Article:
People sometimes think an inheritance will be enough to fully fund their retirement. But rising health care expenses and longer life expectancies are making that less of a certainty. You need to think through the elements of a financial plan, both with and without an inheritance.
4. Pay attention to new distribution rules around inherited qualified assets.
Depending on when you were born, and if the inherited funds were in a 401(k) or IRA, you need to know if the deceased had already begun taking required minimum distributions (RMDs) from these accounts. These now begin at age 73 and are scheduled to increase to 75 in the future. As a result of the passage of SECURE Act 2.0, there are two ways you can spend these assets — either as an Eligible Designated Beneficiary (EDB) or Non-EDB. EDBs can take distributions based on their life expectancies and include:
• A surviving spouse
• Minor child beneficiary (of the original account owner) under age 18
• A disabled individual
• A chronically ill individual
• Any other individual who is not more than 10 years younger than the deceased account owner
This so-called “stretch IRA” is no longer available to NEDBs, as NEDBs now must spend down an inherited traditional IRA or Roth IRA within 10 years. Remember, too, that inherited IRAs must be maintained as entirely distinct from other retirement assets. You also cannot contribute additional funds to an inherited IRA or convert an inherited IRA balance to a Roth IRA in your name.
Leaving children or grandchildren some percentage of a traditional IRA may no longer be as tax-efficient as it once was — it may be best left to spouses instead. Conversions of assets from a traditional to a Roth IRA may be appropriate depending on your current-year and future-year income and current and future tax brackets.
5. Consider how the inheritance may change you, both financially and personally.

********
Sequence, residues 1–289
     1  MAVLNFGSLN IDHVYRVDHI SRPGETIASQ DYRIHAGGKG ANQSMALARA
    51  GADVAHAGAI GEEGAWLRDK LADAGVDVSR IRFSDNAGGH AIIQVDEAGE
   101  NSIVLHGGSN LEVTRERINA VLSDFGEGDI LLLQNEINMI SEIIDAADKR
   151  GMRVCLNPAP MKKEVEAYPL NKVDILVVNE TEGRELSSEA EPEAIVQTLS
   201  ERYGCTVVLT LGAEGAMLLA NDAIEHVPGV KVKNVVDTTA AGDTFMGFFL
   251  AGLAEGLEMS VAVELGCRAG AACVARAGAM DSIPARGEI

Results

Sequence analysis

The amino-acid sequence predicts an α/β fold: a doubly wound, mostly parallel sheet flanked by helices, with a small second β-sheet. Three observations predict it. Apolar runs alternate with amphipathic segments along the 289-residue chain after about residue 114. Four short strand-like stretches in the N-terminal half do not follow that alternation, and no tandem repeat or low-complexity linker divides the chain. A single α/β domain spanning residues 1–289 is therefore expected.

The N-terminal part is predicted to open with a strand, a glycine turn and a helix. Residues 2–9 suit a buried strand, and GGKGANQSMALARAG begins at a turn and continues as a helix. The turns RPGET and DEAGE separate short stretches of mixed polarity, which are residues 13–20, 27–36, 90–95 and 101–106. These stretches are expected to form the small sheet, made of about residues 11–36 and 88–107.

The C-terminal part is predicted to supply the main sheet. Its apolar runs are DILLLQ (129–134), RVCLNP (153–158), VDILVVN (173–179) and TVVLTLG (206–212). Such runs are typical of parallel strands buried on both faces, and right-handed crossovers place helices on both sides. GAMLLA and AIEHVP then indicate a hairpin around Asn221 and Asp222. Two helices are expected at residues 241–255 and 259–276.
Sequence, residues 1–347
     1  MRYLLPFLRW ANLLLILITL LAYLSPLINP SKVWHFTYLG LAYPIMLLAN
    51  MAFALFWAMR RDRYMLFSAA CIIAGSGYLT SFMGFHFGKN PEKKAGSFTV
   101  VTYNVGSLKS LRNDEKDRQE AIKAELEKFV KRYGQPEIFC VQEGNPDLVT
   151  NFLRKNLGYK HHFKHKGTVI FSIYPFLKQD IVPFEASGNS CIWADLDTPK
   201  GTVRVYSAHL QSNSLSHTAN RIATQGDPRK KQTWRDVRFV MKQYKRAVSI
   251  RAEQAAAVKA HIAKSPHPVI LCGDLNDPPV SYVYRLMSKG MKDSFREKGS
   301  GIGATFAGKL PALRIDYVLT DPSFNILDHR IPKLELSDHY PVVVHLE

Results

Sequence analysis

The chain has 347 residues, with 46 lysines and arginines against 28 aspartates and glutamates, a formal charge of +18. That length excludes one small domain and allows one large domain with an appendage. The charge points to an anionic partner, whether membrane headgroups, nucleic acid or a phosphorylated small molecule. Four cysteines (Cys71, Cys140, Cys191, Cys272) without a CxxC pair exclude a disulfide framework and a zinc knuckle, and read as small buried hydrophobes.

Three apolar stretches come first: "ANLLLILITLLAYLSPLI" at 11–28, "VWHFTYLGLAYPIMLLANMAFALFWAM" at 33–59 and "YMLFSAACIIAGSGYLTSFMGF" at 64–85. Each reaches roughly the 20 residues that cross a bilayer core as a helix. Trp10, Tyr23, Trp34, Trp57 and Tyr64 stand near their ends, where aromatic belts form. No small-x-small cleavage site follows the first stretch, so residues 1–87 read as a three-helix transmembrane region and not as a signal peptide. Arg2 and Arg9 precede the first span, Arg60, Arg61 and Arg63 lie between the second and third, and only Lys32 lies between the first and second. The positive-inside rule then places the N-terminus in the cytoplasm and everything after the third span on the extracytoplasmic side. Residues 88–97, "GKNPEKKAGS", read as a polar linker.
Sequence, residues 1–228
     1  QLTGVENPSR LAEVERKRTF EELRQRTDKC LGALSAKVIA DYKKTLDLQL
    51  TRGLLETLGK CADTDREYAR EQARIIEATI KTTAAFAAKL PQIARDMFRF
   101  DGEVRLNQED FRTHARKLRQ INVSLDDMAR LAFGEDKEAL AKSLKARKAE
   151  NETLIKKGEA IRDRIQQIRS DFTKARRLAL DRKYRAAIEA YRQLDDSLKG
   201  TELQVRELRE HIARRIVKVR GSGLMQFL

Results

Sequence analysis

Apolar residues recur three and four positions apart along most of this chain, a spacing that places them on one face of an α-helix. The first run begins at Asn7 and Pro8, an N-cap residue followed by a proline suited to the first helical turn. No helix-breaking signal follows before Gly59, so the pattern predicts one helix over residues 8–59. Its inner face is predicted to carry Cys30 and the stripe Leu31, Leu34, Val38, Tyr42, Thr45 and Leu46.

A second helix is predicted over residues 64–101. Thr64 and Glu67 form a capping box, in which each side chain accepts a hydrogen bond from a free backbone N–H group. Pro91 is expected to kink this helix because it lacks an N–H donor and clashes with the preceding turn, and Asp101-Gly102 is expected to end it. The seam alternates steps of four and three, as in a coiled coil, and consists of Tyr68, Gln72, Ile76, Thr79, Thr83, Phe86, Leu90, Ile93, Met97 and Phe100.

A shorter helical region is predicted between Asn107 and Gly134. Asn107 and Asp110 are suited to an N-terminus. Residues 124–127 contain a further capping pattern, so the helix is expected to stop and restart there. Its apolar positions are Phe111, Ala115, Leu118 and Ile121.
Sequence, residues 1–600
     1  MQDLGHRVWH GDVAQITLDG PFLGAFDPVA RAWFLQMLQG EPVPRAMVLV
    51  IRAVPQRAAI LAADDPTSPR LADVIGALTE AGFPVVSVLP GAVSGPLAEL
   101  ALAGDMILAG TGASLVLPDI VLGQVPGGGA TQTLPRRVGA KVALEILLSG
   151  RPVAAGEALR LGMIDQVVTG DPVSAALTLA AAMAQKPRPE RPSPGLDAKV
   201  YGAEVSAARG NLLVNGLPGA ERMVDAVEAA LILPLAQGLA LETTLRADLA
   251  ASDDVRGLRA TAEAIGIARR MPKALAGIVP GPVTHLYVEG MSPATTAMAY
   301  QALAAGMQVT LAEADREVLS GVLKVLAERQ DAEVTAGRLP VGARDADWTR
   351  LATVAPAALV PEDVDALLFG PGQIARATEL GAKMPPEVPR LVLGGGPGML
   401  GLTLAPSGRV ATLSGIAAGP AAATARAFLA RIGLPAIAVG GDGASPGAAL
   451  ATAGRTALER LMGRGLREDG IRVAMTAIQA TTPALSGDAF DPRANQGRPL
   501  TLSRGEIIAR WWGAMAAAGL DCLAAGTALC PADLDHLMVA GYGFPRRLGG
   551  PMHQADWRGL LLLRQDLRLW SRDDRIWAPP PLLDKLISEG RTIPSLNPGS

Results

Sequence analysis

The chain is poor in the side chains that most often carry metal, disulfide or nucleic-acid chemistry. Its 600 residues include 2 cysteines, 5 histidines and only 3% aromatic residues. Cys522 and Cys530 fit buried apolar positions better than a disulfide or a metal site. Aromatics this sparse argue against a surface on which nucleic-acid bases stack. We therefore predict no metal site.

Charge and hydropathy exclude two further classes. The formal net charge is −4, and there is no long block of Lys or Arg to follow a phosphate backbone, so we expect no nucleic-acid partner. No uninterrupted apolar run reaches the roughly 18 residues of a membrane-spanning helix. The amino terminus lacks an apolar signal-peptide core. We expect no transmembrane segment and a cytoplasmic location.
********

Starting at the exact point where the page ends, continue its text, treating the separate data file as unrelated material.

Once you settle the affairs of the person leaving you money, you may find yourself in a very different position in life with respect to financial security. Your financial plan may need to be significantly overhauled or replaced. Sudden wealth may give you the ability to do things you never thought possible, or to support the people and causes that matter to you in unexpected ways. Celebrate and honor the memory of those who were able to make a big difference in your life, and enjoy the newfound freedom they were able to give you.
Finally, don’t forget the value a financial adviser brings to the table when you experience sudden wealth. When evaluating advisers to help you manage an inheritance, one of the most important characteristics to look for is the lack of conflicts, which is considered the industry gold standard.
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The opinions voiced in this material are for general information only and are not intended to provide specific advice or recommendations for any individual.
Bruce Helmer and Peg Webb are financial advisers at Wealth Enhancement Group and co-hosts of “Your Money” on WCCO 830 AM on Sunday mornings. Email Bruce and Peg at email@example.com. Securities offered through LPL Financial, member FINRA/SIPC. Advisory services offered through Wealth Enhancement Advisory Services, LLC, a registered investment advisor. Wealth Enhancement Group and Wealth Enhancement Advisory Services are separate entities from LPL Financial.